It's important to consider all the facts, all the witness, regardless of whether the new facts might be at odds with what we think happened. This is something we routinely beat up the GOP for, ignoring facts that disagree with their preferred narrative. We should always be vigilant about not doing the same, no matter how disturbing the crime.
One detail at the center of the event is who called for help during the physical skirmish between the two men. Zimmerman claims it was him, while others have suggested it was Martin. The Sentinel explains:One point: I'm not sure I understand how this new account is "entirely at odds" with what Trayvon Martin's girlfriend has alleged. Trayvon's girlfriend says she was talking to him on the phone before the altercation, then she heard a verbal back and forth between Travyon and Zimmerman, then heard someone (or both) hit the ground (it's not clear how Trayvon's girlfriend "heard Martin pushed to the ground" - how would that sound differently than Martin pushing Zimmerman to the ground?) The two stories seem to be somewhat consistent, to a point - a verbal back and forth, and then a physical fight. What's in conflict is who confronted whom, who threw the first punch, and what happened next.
Several witnesses heard those cries, and there's been a dispute about from whom they came: Zimmerman or Trayvon. Lawyers for Trayvon's family say it was Trayvon, but police say their evidence indicates it was Zimmerman.You can read the full Sentinel story here.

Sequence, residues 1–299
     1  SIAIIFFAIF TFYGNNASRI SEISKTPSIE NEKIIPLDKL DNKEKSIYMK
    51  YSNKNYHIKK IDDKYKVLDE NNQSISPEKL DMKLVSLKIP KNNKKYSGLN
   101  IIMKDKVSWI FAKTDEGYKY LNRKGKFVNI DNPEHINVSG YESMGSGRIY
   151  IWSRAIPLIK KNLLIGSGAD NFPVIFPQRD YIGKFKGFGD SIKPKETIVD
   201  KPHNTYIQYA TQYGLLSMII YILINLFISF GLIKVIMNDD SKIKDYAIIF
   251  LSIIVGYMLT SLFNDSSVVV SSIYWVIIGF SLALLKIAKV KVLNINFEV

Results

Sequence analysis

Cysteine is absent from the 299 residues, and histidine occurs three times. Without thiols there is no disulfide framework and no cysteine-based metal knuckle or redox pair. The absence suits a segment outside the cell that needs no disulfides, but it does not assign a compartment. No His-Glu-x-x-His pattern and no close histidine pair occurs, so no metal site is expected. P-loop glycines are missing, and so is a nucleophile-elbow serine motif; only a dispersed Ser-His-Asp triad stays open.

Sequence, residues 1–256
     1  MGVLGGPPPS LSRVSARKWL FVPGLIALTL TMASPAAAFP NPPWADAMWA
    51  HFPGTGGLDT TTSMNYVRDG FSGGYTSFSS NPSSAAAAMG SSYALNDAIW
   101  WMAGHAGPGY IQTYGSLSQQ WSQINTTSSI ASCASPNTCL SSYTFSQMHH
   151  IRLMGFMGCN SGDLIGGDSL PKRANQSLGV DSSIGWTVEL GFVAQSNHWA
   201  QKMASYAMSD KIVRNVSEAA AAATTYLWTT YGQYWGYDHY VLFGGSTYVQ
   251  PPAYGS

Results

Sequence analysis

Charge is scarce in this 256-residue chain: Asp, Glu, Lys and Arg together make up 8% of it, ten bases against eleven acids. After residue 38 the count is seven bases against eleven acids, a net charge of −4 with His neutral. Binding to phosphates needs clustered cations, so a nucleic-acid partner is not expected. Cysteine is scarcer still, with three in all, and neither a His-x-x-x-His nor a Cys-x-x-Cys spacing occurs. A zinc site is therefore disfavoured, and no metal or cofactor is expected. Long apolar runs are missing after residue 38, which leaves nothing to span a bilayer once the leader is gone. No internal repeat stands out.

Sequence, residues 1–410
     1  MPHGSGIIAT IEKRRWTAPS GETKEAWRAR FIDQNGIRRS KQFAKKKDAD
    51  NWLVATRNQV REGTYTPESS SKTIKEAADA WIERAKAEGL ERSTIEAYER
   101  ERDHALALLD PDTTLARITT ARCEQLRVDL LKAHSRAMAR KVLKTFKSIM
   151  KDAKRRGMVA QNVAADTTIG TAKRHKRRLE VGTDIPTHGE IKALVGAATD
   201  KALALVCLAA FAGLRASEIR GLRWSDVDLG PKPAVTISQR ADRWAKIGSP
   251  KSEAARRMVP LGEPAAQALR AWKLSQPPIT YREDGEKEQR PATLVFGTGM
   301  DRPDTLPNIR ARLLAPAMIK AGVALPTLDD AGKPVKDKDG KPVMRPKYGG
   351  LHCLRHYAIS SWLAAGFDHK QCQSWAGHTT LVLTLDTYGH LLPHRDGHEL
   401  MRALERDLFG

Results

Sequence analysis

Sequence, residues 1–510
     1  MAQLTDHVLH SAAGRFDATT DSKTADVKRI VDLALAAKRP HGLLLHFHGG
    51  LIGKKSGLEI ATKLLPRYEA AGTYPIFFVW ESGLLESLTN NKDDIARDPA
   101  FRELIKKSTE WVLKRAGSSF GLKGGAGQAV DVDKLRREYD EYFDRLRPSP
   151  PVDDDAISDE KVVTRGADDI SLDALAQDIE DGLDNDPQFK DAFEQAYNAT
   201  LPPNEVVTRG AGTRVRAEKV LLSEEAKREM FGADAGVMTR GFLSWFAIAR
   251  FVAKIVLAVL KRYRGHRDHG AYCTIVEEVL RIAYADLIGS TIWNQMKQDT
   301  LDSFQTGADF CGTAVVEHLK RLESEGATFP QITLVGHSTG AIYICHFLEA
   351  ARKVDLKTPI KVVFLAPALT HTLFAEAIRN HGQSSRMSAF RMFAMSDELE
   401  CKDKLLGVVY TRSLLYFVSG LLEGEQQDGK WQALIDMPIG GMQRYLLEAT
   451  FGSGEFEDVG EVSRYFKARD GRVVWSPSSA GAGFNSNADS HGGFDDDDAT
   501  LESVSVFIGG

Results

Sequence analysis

One witnesses, who has since talked to local television news reporters, told police he saw Zimmerman on the ground with Trayvon on top, pounding him and was unequivocal that it was Zimmerman who was crying for help.
Meanwhile, Slate's Emily Bazelon offers her take on the new info and what it means here.
[It is] very hard to know what to make of this new information. It’s entirely at odds with the account of Martin’s girlfriend, who says Martin was talking to her on his cell phone just before his death. The girlfriend says she heard Martin ask a man, “What are you following me for,” and that the man answered, “What are you doing here?” Then she heard Martin pushed to the ground. To point out the obvious, the police in Sanford, Fla., where the shooting took place, are the definition of embattled. Their chief resigned last week and the decision not to arrest Zimmerman—based on the belief that he reasonably feared bodily harm or for his life when he shot Martin—is a flashpoint for national outcry. No wonder someone in the department got fed up and leaked facts that support the cops’ decision-making.
For all we know, this new account may be true. We also know Zimmerman had a bloody nose, a swollen lip, and cuts to the back of his head, though he didn’t go to the hospital. But there’s no way to know what to make of his story yet. That’s why we have judges and juries—to sort out disputed facts. And it’s why “Stand Your Ground” laws like Florida’s, which the police have read as discouraging them from bringing charges when there’s a claim of self-defense, are such a terrible idea.
As Emily Bazelon at Slate says, that's up to a jury. And sadly, the local police weren't honest enough to admit that there are some disputed facts in this case that need to be cleared up before anyone can be exonerated.